While farmers are not singing “Happy days are here again,” the latest Purdue University CME Group Barometer of farmer attitudes showed an uptick, says Jim Mintert, with Purdue. “The Barometer, based on a mid-month survey of 400 agricultural producers across the U.S., increased to a reading of 126 in June, up 25 points from May,” he stated. “Increases were also seen in both of the barometer’s sub-indices. While the Index of Current Conditions only saw a modest increase, up 13 points from May, to a reading of 97, the Index of Future Expectations jumped 33 points, to a reading of 141 in June.”
Improvements in crop prices and progress on trade issues were credited for the improvement in farmer sentiment. “This year farmers have faced an extremely wet planting season and uncertainty surrounding trade discussions, however, a crop price rally coupled with USDA’s announcement of its 2019 MFP program and Congress’ passage of the Disaster Aid Bill made farmers more optimistic,” said Mintert. “While this combination provided a boost to a struggling ag economy, it remains a challenging economic environment for farmers.”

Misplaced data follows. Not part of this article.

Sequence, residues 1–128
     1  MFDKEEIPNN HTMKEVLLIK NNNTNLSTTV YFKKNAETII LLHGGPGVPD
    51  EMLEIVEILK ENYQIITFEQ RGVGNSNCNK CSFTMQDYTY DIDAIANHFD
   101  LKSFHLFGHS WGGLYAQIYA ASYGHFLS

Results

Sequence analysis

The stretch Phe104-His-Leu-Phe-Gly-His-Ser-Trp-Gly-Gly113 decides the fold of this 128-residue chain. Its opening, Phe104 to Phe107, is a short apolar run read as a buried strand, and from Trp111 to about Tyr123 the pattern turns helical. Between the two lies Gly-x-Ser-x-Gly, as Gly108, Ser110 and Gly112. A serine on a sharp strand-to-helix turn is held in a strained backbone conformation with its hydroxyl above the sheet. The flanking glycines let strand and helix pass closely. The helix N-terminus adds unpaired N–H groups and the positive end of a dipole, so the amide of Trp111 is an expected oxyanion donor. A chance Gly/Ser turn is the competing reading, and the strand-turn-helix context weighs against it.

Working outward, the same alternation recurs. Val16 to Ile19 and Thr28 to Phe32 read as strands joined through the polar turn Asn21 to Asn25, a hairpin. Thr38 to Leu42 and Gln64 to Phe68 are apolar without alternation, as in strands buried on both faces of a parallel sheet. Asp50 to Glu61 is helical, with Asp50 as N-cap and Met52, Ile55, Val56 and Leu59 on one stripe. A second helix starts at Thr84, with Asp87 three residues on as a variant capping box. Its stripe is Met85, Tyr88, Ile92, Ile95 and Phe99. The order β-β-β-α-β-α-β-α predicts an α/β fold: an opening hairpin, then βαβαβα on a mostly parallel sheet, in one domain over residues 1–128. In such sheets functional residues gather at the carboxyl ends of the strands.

Mintert and his team also surveyed farmers about their plans to take the prevented plant option in their crop insurance policy, “Nearly one-third (32 percent) of corn/soybean farmers in the survey said they intended to take prevented planting payments on some of their corn acres and of those who intend to take a prevented planting payment, just over half (51 percent) said they intend to take prevented planting on more than 15 percent of their intended corn acreage.”
Lastly, farmers were slightly more optimistic regarding the resolution and impact of the ongoing trade dispute with China. From March through May, the percentage of producers expecting a beneficial outcome to the trade dispute declined from 77 percent to 65 percent; yet, on the June survey, that percentage rose slightly to 69 percent. Farmers were also asked whether they believe the dispute will be resolved by Sept. 1. In mid-June, 32 percent of producers expected it to be settled by early September, whereas just 20 percent expected the dispute to be settled by July 1 when this question was posed in mid-May.